Saturday, 25 September 2010

So what's BDD then?..

If, and it is very rare, I admit to my BDD face to face, the first question I get asked is, 'what's that then?'

After a brief explanation, the  person who asked will say something like, 'Oh everyone worries about their appearance, I do everyday'. Which then means one goes on the defensive, and has to go off 'into one', trying to validate it. Which is why I tend not to ever mention it.

The easiest way to explain BDD is to say it runs your life for you; it pretty much makes every decision for you during your every waking hour. Where you go, how long you go for, if you go at all....this will be preceded by 100s of times checking mirrors; and then when you do get out, one simple reflection of yourself that does not look quite right can send you into panic overdrive, and back home you will go.

My Psychologist thinks it is very similar to OCD, because the OCD is in mirror checking, but that it is more deep seated than a habit  you need to kick. The belief is that some sort of trauma set this off way back in your childhood. I can remember as far back as 9 or 10, being afraid of my naked self. When I got to 15 this became a terror.

Look, with or without BDD, I am not a pretty boy...that I can live with..I am 5ft 8 and very slim. Now at 46, my GP will say, wow, you are in good shape; my weight is fine, at the moment, and as a GP he will compare me to other 46 year olds...most who meet me think I am 38 tops, so it is not all bad. But that is all the simplistic stuff....the odd thing is I have not had a problem being bald, or a slaphead as I like to say. When it started to go I shaved it all off....nothing worse then a man who clings on. Its like a needy lover!!!

So you have to get past the obvious; not being a pretty boy etc, because the roots to BDD are way deeper than all that; the defect is imaginary but I believe in it more then I have ever believed in anything. So the CBT takes time to work. I am setting myself tasks and trying my best to see them through. I am trying to do stuff that I like to do...self compassion is an essential part of recovering from a mental illness; it is a weird concept, doing stuff for me, being nice to me, that I was recently taught in group therapy....its all a slow up hill road but I am doing my best and getting on with it...

London September 2010

Wednesday, 22 September 2010

Mental Health Discrimination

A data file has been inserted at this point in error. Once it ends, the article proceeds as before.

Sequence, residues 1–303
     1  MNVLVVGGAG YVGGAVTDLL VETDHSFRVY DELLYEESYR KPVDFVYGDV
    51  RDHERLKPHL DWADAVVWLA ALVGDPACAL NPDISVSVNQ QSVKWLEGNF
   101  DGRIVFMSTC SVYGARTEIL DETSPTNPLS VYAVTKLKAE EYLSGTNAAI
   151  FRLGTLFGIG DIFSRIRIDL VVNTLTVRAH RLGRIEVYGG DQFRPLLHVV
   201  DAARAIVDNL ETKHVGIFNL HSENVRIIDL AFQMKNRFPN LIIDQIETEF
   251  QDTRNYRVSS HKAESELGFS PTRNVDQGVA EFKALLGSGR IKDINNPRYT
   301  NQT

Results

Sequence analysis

The DWP really do believe that an employer will give you a chance if you admit to having a mental health difficulty; what deluded planet do they live on? When you consider that society itself, everyday people, give you a very wide birth, why do the government think that someone will employ you?

Me, I am a multi skilled handyman...I was sacked recently and this is directly linked to my mental health problems. I do not fit in the box that the government want me to...I have worked all through my problems but not one of my employers has given me the chance to go and seek treatment; and what is my treatment? It is one session of CBT per week, which last one hour!! so I am hardly asking for much.

I have spoken to my mental health professionals recently and all agree that this country gives you no sympathy as soon as you come out of the mental health closet. Celebrities going to rehab are cool though!

I can not sue over my sacking, because I do not have the money to do so, and it is not something you can do on legal aid. I am not someone who is going to be a risk to anyone...I have body dysmorphia and depression, so the most radical thing I will ever do is take a nap and hide!!!!!

There is a really good example of double standards going on in the media at the moment; Ricky Hatton gets caught taking cocaine...checks into a rehab unit and is being treated for depression. Well if we all could afford the treatment in The Priory we would all go...if I go into a rehab unit I will be in a space with crack heads and people who wish to do you harm...I know, I have been there.

There is no point in my getting angry with the employers when 99.9% of people who know you have a problem will give you a very wide birth...this is is why, in my life, I have been left to fend for myself. I have no moral support at all...and when I say none, I mean none. As I stated before, it is even harder being a man in this situation..women tend to judge you even quicker. In fact the thing that shocks me most is the attitude of women when they find out you have an 'issue'.

There is little point in being bitter about it but it really does make me smile when you hear the 'wolly' brigade saying that there is a way back into work....I am lucky, in that I have only just lost my job, but it is about the 4th one I have lost due to the same problem. Those who have been out for years and years stand little or no chance at all.